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To the Hindu Students of Trichinapally
[February 16, 1897]
I have received your address with great pleasure and sincerely thank you for the kind expressions contained therein.
I much regret, however, that time effectually prevents my paying even a short visit to Trichinopoly at present. In the autumn, however, I propose making a lecture tour throughout India, and you may rely upon it that I shall then not fail to include Trichinopoly in the programme.
Again thanking you, and with my blessings to all.
To Mrs. Ole Bul
Alambazar Math, Calcutta,
25th Feb., 1897.
Dear Mrs. Bull,
Saradananda sends ÂÂ£20 to be placed in the famine relief in India. But as there is famine in his own home, I thought it best to relieve that first, as the old proverb says. So it has been employed accordingly.
I have not a moment to die as they say, what with processions and tomtomings and various other methods of reception all over the country; I am almost dead. As soon as the Birthday is over I will fly off to the hills.
I received an address from the Cambridge Conference as well as one from the Brooklyn Ethical Association. One from the Vedanta Association of New York, as mentioned in Dr. Janes's letter, has not yet arrived.
Also there is a letter from Dr. Janes suggesting work along the line of your conference, here in India. It is almost impossible for me to pay any attention to these things. I am so, so tired. I do not know whether I would live even six months more or not, unless I have some rest.
Now I have to start two centres, one in Madras, the other in Calcutta. The Madras people are deeper and more sincere, and I am sure, will be able to collect funds from Madras itself. The Calcutta people are mostly enthusiastic (I mean the aristocracy) through patriotism, and their sympathy would never materialise. On the other hand, the country is full of persons, jealous and pitiless, who would leave no stones unturned to pull my work to pieces.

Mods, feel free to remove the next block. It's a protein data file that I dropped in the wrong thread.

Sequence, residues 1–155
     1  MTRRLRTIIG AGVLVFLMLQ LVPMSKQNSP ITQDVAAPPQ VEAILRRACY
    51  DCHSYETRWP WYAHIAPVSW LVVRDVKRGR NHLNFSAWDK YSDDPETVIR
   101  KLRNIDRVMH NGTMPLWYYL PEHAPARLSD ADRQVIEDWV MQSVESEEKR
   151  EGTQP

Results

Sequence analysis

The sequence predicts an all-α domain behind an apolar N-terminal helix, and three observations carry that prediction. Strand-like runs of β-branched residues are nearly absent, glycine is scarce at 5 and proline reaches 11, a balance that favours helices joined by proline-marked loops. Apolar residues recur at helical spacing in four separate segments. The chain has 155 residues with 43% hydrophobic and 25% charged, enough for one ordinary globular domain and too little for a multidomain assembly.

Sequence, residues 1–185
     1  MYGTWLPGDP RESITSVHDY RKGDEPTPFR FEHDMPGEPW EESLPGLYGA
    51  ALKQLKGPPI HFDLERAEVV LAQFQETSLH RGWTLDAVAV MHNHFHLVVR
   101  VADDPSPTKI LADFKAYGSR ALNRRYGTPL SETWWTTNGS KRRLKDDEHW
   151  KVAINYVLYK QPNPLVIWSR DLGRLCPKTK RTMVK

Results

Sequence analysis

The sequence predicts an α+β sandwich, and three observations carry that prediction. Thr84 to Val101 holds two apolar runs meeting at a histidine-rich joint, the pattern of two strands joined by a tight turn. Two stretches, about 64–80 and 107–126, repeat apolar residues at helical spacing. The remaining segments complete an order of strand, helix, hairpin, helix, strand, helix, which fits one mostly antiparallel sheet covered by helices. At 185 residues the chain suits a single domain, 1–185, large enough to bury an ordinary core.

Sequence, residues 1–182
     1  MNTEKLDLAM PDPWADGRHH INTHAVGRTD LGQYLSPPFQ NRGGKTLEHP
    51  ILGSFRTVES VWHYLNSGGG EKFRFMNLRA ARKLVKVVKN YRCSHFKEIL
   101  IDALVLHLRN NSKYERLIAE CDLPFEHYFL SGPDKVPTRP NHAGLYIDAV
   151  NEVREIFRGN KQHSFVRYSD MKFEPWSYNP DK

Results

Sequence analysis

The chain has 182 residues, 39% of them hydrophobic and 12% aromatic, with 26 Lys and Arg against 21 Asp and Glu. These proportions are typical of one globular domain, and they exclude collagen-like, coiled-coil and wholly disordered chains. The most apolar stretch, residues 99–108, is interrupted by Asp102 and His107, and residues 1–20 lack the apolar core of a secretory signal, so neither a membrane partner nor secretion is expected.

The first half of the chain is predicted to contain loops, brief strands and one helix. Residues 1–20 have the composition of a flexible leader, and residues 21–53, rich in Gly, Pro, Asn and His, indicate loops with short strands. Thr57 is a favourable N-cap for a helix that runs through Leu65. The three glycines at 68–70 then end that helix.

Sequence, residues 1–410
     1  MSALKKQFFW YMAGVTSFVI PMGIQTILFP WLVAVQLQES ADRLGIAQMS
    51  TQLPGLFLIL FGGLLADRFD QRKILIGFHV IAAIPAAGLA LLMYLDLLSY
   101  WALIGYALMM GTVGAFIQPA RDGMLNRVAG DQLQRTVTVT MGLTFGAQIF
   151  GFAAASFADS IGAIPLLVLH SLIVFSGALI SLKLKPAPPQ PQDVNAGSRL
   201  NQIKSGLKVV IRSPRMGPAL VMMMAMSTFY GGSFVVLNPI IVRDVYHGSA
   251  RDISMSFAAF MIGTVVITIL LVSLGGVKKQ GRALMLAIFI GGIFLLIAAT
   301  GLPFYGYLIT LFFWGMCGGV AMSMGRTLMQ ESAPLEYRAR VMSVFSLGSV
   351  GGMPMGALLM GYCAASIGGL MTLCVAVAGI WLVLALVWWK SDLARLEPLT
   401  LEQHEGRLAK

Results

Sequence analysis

But as you know well, the more the opposition, the more the demon in me is roused. My duty would not be complete if I die without starting the two places, one for the Sannyasins, the other for the women.
I have already ÂÂ£500 from England about, ÂÂ£500 from Mr. Sturdy, and if your money be added to it, I am sure I will be able to start the two.
I think, therefore, you ought to send the money as soon as possible. The safest way is to put the money in a bank in America in your and my name jointly, so that either of us may draw it. In case I die before the money is employed, you will be able to draw it all and put it to the use I wanted. So that, in case of my death, none of my people would be able to meddle with it. The English money has been put in the bank in the same position in the joint names of Mr. Sturdy and myself.
With love to Saradananda and eternal love and gratitude to yourself,